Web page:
Route::group(['namespace' => 'Backend', 'prefix' => 'admin', 'as' => 'admin.', 'middleware' => 'admin'], function () {
    includeRouteFiles(__DIR__ . '/backend/');

This section registers all of the backend routes, such as admin dashboard, user management, etc.

It is nearly identical as the frontend routes with the addition of the admin middleware and prefix.

Key Points:

  • The namespaces of the routes indicate the folder structure. In the above case the routes that will be included live in routes\backend.
  • The as property prepends the value to all routes inside the closure, so in the above case all included route names will be prepended with admin..
  • The prefix property prepends the value before all of the URL's of the routes inside the closure, so in the above case all route URL's will be prepended with admin/.
  • The includeRouteFiles() is a helper function located in app\helpers.php and autoloaded by composer. (Learn about the helpers here). This takes all files in the specified directory and includes them in the closure so you can add new routes without having to touch the web.php routes file.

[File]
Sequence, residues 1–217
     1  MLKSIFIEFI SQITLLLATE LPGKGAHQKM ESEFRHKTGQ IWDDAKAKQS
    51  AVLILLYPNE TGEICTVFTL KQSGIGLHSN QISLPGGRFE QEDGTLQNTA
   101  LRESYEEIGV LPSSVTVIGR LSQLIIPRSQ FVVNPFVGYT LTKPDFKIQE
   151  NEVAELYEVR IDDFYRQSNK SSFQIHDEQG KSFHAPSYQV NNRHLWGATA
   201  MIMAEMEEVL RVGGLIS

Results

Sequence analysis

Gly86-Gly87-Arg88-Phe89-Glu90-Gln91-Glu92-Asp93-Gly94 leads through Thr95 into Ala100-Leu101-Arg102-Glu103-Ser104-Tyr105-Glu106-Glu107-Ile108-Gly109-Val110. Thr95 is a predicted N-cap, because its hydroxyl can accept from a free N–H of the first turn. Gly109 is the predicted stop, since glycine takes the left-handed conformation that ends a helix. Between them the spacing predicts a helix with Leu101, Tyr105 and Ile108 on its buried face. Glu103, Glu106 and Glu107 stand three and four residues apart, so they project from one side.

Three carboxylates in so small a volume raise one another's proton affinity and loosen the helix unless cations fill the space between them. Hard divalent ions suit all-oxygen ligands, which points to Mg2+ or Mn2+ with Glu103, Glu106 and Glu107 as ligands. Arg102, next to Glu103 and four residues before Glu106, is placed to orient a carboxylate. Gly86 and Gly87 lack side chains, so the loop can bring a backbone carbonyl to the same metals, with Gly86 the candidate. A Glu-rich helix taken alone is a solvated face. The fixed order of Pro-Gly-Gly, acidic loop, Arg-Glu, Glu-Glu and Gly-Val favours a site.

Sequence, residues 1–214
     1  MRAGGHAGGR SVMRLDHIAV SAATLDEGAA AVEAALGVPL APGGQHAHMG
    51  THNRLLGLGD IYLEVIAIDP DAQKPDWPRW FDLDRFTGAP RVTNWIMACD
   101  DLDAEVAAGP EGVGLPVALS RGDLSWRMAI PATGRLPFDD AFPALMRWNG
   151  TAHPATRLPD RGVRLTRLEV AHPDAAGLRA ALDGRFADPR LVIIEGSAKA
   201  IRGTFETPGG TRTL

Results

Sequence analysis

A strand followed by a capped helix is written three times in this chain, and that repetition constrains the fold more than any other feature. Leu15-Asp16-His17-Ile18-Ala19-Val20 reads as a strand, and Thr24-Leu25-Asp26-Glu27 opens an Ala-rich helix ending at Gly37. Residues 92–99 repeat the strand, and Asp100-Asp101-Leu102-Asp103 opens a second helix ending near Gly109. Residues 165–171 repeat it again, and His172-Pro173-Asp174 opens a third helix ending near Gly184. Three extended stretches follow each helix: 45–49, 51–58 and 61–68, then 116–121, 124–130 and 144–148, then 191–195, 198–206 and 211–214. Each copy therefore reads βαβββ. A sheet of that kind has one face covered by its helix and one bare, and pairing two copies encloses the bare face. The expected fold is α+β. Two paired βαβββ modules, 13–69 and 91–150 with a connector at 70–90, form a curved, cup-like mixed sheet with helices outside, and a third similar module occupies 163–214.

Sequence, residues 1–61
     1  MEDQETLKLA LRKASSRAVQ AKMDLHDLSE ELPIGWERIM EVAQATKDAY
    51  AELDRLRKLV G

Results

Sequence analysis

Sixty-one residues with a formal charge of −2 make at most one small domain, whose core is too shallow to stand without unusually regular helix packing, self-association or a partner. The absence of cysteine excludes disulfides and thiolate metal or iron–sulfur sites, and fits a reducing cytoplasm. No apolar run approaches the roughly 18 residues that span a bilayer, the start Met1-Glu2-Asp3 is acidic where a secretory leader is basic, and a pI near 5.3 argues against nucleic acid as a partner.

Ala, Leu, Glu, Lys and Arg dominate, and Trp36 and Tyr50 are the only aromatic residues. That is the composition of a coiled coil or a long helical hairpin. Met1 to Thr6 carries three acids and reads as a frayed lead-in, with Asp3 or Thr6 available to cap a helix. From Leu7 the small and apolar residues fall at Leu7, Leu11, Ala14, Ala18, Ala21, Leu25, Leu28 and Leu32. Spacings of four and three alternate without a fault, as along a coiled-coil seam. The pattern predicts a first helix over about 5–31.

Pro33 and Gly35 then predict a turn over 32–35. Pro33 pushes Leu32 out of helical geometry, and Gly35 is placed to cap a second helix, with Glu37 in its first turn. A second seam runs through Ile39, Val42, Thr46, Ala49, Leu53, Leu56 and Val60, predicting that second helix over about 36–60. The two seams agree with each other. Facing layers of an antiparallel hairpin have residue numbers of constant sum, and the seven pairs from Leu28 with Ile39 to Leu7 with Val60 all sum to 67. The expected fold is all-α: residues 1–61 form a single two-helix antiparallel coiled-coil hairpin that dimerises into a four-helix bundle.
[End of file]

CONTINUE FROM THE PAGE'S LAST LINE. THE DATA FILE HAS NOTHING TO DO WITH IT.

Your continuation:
• The admin middleware is specified in app\Http\Kernel.php and states that anyone trying to access the routes in the following closure must:
    • Be logged in
    • Have the view-backend permission associated with one of their roles or by itself.

Note: Administrator should get all permissions so you do not have to specify the administrator role everywhere.

Note: Most route resources use Laravel's Route/Model Binding which you will see as well in the controller methods.

For more information about the permission middleware included in the admin middleware, see middleware and Access Control.


All of the controllers live in the default Laravel controller location of app\Http\Controllers and follow a namespacing convention of the folders they're in.

The controllers are very clean, so there is not much to say, some key points and different sections to read about are:

  • All controller methods use injected Request Classes to both validate and act as a second security check after the middleware.
  • All database logic is extracted out to Repositories.
  • Controllers are only comprised of CRUD methods, any other methods have been extracted to other controllers for cleanliness.


Laravel Boilerplate ships with 5 additional middleware out of the box.